But in a couple weeks, at an average of 4 times a week, taking 90 seconds to knock off 20 squats immediately after 45 minutes and 2.6 miles of brisk laps, immediately after 15 minutes of stretching, three different kinds of kicks, and 50 push-ups,** got easier.

** I read somewhere a while back that the ability to do 40 consecutive push-ups is an indicator of reasonable physical health for the aged. Being an overachiever I do 50. My thinking is that I will slow down at some point, but now I can slow down for a while and still stay at or above that target of 40.

Notice I said easier and not easy. The only way that 20th squat is ever going to be easy is if I regularly knock off 40 at a time, and there has to be a limit somewhere. . . But now I take that step at the RV pad without groaning, yelping, or even really noticing it, which translates directly into the ability to get up and over those boulders along the trail, which translates into enjoying being out and about in the back-country.

By the way, here's a nugget that the medicos and personal trainers don't want you to know.

Carrying extra weight in the form of fat is actually beneficial for your physical conditioning!

No, really!

Think about it.

Doing a push-up is the equivalent of bench-pressing about 63% of your body weight. (But the push-up is better for you because it also works your core harder than a bench-press)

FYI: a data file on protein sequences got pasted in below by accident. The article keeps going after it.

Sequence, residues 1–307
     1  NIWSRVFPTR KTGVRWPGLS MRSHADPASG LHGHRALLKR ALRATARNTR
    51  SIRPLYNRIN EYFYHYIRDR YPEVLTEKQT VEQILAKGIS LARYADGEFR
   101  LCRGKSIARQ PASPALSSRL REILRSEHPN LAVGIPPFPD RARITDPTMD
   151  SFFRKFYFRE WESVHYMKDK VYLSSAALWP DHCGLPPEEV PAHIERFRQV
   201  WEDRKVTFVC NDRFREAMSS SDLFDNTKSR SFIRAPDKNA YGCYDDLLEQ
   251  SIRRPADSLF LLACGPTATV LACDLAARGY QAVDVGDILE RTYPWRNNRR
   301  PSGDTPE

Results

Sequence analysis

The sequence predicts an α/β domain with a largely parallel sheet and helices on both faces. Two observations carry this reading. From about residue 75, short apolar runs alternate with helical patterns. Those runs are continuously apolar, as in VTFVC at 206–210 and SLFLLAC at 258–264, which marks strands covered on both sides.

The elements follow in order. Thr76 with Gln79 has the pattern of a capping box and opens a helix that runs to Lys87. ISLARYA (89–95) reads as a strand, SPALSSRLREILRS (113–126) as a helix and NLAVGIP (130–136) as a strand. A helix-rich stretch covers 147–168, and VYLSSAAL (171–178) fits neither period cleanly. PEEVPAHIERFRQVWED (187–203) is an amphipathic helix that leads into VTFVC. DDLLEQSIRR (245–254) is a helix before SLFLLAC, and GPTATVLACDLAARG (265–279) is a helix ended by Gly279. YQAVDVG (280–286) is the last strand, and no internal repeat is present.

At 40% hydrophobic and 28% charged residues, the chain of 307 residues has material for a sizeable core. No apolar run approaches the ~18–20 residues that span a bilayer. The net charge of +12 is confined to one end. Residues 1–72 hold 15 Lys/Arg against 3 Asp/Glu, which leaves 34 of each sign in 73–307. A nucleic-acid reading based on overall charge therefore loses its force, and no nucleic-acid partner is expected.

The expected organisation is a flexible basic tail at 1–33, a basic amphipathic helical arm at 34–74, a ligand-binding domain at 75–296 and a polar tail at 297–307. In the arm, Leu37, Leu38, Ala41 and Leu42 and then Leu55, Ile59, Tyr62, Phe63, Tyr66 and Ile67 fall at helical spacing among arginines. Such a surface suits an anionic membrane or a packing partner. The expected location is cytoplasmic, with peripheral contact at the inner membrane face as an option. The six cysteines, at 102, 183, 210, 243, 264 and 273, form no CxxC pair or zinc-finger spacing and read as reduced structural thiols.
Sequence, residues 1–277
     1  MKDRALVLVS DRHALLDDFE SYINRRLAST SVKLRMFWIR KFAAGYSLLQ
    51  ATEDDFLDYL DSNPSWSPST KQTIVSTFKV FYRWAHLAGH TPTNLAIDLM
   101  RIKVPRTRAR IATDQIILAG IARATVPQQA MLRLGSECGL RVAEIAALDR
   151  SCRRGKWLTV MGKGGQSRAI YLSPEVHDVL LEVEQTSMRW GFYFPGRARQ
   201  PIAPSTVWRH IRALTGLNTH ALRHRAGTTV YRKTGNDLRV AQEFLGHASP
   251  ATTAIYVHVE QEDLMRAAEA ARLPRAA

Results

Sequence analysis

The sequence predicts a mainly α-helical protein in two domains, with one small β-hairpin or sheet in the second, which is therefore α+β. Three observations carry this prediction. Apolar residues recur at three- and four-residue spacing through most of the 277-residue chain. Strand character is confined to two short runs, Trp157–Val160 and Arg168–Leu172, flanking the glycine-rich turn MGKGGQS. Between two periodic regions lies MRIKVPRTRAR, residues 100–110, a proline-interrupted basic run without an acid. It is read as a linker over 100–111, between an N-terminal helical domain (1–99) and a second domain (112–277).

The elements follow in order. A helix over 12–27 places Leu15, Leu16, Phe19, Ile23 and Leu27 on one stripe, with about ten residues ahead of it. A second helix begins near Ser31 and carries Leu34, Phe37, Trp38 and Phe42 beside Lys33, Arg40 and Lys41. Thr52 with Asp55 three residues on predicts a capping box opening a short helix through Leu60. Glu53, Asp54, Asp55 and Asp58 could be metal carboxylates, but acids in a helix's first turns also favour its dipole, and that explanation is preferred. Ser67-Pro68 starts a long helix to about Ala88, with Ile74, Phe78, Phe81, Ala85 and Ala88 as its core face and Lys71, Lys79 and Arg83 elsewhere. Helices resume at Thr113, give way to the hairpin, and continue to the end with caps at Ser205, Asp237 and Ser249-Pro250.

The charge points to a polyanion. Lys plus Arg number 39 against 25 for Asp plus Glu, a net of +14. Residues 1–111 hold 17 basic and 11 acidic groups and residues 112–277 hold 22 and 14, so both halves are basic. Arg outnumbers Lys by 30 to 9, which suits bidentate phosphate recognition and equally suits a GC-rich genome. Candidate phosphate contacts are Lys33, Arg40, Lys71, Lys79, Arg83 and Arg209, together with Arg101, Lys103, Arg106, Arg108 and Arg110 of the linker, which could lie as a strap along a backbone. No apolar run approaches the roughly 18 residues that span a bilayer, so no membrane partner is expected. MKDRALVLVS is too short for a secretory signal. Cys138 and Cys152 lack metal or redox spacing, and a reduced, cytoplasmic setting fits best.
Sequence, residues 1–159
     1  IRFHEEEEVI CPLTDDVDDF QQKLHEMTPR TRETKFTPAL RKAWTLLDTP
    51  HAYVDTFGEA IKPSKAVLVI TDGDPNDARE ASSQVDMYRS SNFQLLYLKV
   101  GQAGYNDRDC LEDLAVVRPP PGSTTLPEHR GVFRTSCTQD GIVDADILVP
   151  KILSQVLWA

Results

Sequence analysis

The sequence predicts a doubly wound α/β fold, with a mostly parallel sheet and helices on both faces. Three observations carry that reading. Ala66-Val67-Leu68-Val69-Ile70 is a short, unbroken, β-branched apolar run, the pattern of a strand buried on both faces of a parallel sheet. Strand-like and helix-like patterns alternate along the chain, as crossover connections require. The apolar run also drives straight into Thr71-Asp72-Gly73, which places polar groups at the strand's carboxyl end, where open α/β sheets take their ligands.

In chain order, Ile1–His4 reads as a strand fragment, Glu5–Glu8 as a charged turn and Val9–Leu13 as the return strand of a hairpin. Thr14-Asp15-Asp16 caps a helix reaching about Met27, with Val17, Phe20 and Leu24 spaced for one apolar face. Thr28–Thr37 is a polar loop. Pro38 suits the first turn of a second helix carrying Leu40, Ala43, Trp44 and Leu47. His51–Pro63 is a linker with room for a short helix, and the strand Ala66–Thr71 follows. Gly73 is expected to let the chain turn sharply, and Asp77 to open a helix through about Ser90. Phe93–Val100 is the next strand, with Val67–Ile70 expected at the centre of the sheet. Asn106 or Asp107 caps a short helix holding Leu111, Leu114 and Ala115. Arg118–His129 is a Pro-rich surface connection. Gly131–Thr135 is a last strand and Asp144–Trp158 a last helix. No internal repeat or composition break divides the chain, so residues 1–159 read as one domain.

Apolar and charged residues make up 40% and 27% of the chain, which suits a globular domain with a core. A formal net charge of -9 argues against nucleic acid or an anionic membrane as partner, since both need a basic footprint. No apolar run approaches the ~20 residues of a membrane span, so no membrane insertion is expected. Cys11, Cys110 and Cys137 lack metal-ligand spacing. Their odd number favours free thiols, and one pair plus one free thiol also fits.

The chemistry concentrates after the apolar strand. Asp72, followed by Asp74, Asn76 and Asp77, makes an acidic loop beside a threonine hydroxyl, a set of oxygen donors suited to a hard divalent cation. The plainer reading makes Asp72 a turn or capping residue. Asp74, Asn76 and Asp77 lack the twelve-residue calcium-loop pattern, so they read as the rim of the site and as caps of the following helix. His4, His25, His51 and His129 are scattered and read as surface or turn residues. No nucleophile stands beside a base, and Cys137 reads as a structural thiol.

For a set of 40 push-ups a 210 pounder lifts 5092 pounds while that smug little 170 pounder parading around in his form-fitting Lycra has lifted a measly 4284 pounds

It takes the average person roughly 2000 steps to cover a mile, give or take a hundred either way. That's 1000 steps per leg. For a 210 pound person that's 210,000 pounds per leg per mile. At the end of that same mile that skinny-ass little 170 pounder has fallen behind by 40,000 pounds per leg.

Who's the bad-ass now, you kale-swilling, carrot-nibbling punk!


  1. I will never forget randomly walking into the UPS room at our former employer and seeing you there in your skivvies doing your that i have gotten over the mental trauma from witnessing that, i can say that maybe it was really just the influence of the EMF fields on your joints that kept them from aching!

    1. Never forget? I had until you brought it up again. Sorry you had to suffer the trauma. Nobody, me included, should have to see that!

      You can see from the blog how I'm doing, how 'bout you?

    2. All good here! Working at the largest operated mining company now, and never looked back. Sad to say that both John C. And Ken D. Have both passed, greatful you got to retire early. It really was great to be able to learn from you, and will always cherish those days....keep ramblin, and i will keep reading!

    3. They were a good 30+ years for me as well, mostly anyway. An interesting job, though managing people was not my favorite thing. But at the time I had no idea just how much stress I was under while working that job, admittedly, much of it self-imposed. In fact I was two years into retirement before I fully understood the scope of that stress. I'm waaay behind on the technology nowadays, but it's nice to be out from under the pressure.

      I imagine that in some ways the new company and the old share some similarities. I assume you are managing the same sort of stuff there?